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Hidden lounge at Palazzo has ‘Champagne call buttons’ at tables

The extensive Palazzo renovations are finally starting to bear fruit, this week in the form of new cocktail lounge Rosina. It’s the creation of Sam Ross and David Rabin, the team behind The Venetian’s award-winning Dorsey bar. The pair has created a more personal experience this time around.

“It’s a bit more of an intimate hideaway than Dorsey,” Ross explains of the 65-seat venue, which opened to the public Monday. “It’s as hidden as you can be on the first floor of a casino … quite closed off from the casino floor.”

What it lacks in size, however, Rosina seeks to make up for in elegance. Along with stunning art deco design, in shades of black, pearl, gold and burgundy, the glassware and bar equipment are examples of the attention to detail Ross hopes will wow patrons.

“Some of the glassware are beautiful Japanese glasses,” he explains. “Everything is etched crystal. All of our barware is gold and copper and very, very classy.”

It’s another luxury feature, however, that’s most likely to grab guests’ attention. Select tables come equipped with Champagne call buttons patrons can press whenever they need some more bubbly, or any other service from the bar.

Yet however novel those buttons may be, Champagne is not the focus of Rosina’s beverage program. That honor is reserved for classic cocktails. In a city where old standbys such as the Manhattan, Dark ’N Stormy, Tom Collins, and negroni have become calling cards of many top mixologists, Rosina will use traditional favorites as a starting point from which the bar team can craft truly personalized creations.

“The menu reads like classic cocktails — we’re talking Tom Collinses, Rickeys, Manhattans, negronis – but done exceedingly well,” says Ross. “And then the plan is for round two, or for your next visit, perhaps, you might say ‘I had the negoni last time. I loved it. What can you do like that?’ And (your server) may say ‘Great, a negroni is a fantastic starting point. Do you want to stick with gin, or could we do something bitter with whiskey? How do you feel about absinthe? Why don’t we try working with sherry instead of the vermouth?’ ”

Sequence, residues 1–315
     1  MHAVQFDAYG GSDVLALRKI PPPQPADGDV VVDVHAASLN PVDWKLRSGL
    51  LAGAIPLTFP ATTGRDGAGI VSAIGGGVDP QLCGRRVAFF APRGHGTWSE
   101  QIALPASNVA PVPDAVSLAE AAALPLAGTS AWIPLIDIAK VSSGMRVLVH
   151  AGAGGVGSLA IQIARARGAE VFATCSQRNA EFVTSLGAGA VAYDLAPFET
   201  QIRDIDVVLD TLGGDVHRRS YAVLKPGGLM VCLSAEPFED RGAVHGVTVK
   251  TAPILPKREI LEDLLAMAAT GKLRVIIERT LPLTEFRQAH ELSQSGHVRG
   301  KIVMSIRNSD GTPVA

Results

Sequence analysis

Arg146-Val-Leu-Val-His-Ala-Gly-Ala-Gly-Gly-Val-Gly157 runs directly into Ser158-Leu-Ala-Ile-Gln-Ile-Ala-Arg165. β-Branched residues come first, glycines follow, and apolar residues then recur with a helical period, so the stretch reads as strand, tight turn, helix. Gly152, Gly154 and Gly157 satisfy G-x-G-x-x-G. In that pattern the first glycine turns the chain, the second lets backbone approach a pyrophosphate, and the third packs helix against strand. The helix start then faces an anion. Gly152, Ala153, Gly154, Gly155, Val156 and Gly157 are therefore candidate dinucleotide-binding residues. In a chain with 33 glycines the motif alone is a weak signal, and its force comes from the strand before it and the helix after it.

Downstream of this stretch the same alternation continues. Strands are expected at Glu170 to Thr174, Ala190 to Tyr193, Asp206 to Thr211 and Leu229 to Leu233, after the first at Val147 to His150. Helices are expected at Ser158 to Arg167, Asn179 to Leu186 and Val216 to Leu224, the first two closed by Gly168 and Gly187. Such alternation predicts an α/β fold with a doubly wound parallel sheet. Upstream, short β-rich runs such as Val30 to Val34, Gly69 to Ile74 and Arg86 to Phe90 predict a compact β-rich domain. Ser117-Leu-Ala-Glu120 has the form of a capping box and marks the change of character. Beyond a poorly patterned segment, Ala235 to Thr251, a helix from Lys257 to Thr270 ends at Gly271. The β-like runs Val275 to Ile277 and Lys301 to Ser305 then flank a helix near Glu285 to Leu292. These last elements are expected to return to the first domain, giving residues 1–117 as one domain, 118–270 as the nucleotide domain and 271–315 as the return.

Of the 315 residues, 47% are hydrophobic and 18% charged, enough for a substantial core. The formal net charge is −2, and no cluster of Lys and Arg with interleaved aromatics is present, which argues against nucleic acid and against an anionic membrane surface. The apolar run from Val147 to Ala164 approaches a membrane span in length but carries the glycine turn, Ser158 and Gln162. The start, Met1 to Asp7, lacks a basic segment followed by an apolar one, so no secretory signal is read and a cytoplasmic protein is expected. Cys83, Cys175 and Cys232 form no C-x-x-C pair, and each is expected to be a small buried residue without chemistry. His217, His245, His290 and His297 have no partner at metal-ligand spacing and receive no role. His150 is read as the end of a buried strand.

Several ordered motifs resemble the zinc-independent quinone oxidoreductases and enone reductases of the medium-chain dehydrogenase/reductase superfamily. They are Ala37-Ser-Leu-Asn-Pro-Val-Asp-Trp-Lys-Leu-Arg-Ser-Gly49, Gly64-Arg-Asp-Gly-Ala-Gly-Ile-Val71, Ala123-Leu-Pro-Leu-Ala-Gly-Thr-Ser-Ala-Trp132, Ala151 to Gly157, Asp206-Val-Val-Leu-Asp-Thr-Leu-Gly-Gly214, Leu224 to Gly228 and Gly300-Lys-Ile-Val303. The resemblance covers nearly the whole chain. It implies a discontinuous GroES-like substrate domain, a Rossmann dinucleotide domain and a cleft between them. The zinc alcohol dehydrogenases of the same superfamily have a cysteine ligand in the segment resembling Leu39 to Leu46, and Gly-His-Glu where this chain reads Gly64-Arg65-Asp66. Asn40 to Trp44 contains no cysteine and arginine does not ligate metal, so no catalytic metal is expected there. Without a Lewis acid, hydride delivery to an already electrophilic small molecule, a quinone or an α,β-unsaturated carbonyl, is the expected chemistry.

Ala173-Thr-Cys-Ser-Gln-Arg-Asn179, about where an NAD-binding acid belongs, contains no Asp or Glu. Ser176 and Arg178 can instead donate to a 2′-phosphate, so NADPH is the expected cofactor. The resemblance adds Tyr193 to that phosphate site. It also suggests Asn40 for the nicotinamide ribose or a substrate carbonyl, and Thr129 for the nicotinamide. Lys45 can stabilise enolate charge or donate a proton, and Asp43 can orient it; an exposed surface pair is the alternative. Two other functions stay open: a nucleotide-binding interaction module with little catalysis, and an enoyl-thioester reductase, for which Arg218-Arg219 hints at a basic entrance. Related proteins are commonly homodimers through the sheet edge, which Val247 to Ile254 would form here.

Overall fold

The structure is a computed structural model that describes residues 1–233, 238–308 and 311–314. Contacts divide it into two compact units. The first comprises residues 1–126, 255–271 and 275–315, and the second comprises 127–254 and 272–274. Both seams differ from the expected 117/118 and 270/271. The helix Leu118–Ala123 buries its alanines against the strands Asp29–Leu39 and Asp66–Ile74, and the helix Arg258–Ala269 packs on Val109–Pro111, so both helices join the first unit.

Ross promises to add variety to the menu with a rotating selection of fresh fruits that will change every month or so.

“We might have black cherries in season for four weeks, so you can get any of (the drinks) shaken with cherries. Or mangos might be perfect for a month. I love Concord grape season, but that season is only about two and a half weeks long. So that will help keep the menu fresh.”

With that kind of variety, Rosina should manage to keep cocktail enthusiasts from getting bored, at least until Palazzo’s two other planned cocktail lounges open in the coming months.

The Review-Journal is owned by the family of Las Vegas Sands Corp. Chairman and CEO Sheldon Adelson. Las Vegas Sands operates the Palazzo.

Contact Al Mancini at amancini @reviewjournal.com. Follow @AlManciniVegas on Twitter.

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